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Comments

I would agree with your prediction that more Berkeley-like PHD programs will bloom -- if it weren't for the fact that the JSP program has been around a long time, and thus far no one has replicated it. why do you think that is, given that it *does* make so much sense given the large numbers of profs entering law schools with both JDs and PHDs in the social sciences?

Posted by: anon | May 17, 2007 10:42:51 PM

Well you've queued up my next post nicely, but give me some hours as I have kids to put to bed. It seems to me that it has to do with an irony unavailable to the drafters of the 1975 memorandum. They viewed themselves as investing in a new model of legal knowledge production that would accommodate the New Deal/Great Society state (and its agenda of socio-legal reform) as well as some of its principled critics (from Wechsler on). Little did they know that Governor Ronald Reagan, who had just finished two terms as governor of California, bashing but not really altering that model of governance, was about to usher in a very new approach, one with grave and immediate consequences for the value of socio-legal knowledge, particularly empirical knowledge.

Posted by: Jonathan Simon | May 17, 2007 11:22:23 PM

Hasn't Vanderbilt started a PhD program in law and economics situated in their law school? I don't recall the details well enough to say for sure but my understanding was that this was a program run entirely out of the law school offering a PhD in law and economics and that it didn't require or necessarily lead to the JD. Perhaps I'm not remembering correctly, though. (I don't know if it's up and running yet, either.)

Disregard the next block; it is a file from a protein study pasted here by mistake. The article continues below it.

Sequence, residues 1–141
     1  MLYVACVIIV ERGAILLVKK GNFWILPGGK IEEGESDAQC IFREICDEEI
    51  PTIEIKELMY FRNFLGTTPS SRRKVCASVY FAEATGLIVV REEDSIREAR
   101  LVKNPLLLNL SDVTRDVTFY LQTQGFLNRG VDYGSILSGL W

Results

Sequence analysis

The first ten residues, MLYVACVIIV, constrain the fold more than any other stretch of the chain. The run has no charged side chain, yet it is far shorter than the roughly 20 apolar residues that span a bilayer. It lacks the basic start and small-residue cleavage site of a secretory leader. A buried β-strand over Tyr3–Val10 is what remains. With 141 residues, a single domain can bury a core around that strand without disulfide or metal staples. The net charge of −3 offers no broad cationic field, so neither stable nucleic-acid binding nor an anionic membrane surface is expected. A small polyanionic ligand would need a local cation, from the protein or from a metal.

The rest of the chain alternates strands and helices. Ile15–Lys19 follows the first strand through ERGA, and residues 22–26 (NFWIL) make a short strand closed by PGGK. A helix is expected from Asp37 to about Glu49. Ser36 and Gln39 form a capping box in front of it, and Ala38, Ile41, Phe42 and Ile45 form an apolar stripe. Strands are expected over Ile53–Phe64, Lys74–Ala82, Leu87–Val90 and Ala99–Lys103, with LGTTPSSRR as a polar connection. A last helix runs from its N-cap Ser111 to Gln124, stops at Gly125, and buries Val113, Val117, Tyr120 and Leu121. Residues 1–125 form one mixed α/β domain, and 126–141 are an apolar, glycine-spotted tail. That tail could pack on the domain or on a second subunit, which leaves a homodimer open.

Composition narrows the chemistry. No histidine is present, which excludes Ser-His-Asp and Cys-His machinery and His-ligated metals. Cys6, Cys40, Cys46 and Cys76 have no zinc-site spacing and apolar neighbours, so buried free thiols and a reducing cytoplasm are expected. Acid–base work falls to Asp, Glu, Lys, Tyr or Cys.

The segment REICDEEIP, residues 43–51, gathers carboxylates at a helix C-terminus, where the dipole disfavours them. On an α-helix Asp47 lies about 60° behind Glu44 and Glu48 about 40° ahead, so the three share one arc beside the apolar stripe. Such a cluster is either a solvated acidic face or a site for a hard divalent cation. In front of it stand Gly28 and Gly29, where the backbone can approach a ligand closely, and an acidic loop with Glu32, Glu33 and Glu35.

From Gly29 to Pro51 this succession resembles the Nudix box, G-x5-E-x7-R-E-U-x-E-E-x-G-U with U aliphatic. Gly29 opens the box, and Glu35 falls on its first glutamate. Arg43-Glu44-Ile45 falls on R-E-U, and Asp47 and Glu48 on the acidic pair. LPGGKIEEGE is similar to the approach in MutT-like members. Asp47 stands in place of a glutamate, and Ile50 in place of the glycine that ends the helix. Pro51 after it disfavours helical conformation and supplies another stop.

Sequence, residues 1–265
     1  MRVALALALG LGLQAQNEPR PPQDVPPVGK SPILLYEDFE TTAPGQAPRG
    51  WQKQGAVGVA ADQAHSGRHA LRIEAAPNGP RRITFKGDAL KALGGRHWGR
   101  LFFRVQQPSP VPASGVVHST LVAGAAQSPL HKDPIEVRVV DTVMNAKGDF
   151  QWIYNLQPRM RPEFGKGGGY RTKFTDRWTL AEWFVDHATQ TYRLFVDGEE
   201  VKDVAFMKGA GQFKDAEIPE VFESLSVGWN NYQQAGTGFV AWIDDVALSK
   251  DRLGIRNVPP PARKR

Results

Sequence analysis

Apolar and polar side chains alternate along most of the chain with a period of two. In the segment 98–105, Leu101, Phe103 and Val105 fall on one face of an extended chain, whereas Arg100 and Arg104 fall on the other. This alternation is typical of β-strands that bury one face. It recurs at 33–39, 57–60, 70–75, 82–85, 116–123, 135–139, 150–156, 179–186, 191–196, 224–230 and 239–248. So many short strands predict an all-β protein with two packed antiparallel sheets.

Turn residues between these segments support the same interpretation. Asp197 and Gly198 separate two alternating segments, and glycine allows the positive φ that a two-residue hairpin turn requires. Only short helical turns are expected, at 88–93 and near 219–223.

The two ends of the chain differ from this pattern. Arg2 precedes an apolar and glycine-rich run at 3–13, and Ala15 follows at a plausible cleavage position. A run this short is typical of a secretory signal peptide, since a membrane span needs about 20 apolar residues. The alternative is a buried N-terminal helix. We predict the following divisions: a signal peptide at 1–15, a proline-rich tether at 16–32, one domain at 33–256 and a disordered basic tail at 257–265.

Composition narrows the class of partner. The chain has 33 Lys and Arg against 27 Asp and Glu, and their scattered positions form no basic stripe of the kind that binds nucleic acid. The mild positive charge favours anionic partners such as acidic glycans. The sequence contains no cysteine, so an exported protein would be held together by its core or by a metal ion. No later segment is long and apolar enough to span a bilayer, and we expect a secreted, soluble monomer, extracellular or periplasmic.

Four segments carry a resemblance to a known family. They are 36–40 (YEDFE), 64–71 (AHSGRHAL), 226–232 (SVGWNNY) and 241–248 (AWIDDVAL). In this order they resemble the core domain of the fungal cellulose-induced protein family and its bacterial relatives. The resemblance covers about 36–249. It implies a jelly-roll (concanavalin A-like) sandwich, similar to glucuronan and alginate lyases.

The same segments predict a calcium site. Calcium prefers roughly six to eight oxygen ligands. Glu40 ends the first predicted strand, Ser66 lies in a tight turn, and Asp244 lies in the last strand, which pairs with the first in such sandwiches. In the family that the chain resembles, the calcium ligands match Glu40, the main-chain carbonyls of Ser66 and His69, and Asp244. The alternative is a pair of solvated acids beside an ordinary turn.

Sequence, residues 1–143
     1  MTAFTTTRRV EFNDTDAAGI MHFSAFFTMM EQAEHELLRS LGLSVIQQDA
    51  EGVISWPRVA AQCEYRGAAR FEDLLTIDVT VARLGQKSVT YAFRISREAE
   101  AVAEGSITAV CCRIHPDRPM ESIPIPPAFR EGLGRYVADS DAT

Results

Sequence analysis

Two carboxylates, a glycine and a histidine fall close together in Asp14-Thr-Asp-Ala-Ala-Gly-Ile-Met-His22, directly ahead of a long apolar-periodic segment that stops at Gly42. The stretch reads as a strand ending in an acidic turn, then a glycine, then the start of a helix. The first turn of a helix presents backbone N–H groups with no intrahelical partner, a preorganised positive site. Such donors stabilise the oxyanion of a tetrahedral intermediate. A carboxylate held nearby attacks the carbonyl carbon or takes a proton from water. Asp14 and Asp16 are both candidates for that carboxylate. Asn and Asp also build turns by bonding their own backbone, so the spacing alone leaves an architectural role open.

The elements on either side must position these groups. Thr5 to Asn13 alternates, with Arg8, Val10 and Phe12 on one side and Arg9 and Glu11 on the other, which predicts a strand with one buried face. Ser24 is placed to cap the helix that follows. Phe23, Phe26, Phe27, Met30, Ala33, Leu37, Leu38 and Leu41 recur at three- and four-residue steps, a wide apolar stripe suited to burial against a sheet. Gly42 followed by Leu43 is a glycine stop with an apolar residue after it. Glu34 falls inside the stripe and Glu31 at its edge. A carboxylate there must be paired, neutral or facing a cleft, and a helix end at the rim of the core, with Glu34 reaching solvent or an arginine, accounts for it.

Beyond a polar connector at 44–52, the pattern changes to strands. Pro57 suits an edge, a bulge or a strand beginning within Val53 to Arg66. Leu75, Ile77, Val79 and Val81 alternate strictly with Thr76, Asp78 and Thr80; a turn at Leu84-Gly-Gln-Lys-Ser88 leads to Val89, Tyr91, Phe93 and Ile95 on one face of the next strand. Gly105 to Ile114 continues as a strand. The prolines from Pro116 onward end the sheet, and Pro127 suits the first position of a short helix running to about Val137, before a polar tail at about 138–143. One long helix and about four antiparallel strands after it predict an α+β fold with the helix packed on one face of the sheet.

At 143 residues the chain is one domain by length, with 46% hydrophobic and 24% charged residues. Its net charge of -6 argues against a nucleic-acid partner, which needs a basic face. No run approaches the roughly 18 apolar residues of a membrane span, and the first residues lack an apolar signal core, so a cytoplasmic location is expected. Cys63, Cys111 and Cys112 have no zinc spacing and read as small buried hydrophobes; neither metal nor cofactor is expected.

Posted by: Matt | May 18, 2007 12:23:34 AM

Matt remembers correctly. Vanderbilt has started a PhD program in law and economics, in the law school. It does not require or lead to a JD, although some students will either have or be simultaneously obtaining a JD. It is up and running -- the first students will start this summer. You can get more information about it at http://law.vanderbilt.edu/academics/academic-programs/phd-program-in-law--economics/index.aspx

Posted by: Suzanna Sherry | May 18, 2007 12:24:04 PM

There seems to be a sceptical ring to the reference to NYU's Law and Society programme - would you care to amplify on that?!

Posted by: Ehsan Bajwa | Jun 29, 2007 10:00:18 PM

I am currently seeking a Ph'D in the JSP program and have some experience with this anomaly. A major strength of the JSP program, not mentioned thus far, is the undergraduate curriculum. I was first exposed to Jurisprudence through the Legal Studies program at UC Berkeley. Without this exposure, I would not have developed this sort of interest in pursuing my Ph'D in Jurisprudence. I believe the strength and development of such programs partly comes from a greater exposure and more resources to undergraduate studies.

Posted by: Patrick (P.J.) | Oct 1, 2007 2:54:55 PM

Northwestern also claims a law and society program, although it really just consists of a formalized J.D./Ph.D...with full funding.

"'No other JD/Ph.D. program in the country is providing students a full ride for law school as well as their doctoral studies along with a streamlined administration process to minimize bureaucratic problems,' said Donald Rebstock, associate dean of enrollment at Northwestern University School of Law.

Both the program's full funding for six years and the carefully integrated doctoral and law studies are designed to attract, nurture and help retain scholars capable of doing innovative research on law and society at the cross section of disciplines."

http://www.northwestern.edu/newscenter/stories/2006/11/simon.html

http://www.northwestern.edu/legalstudies/JD-PhD/

Posted by: Steve | Nov 14, 2007 2:08:01 AM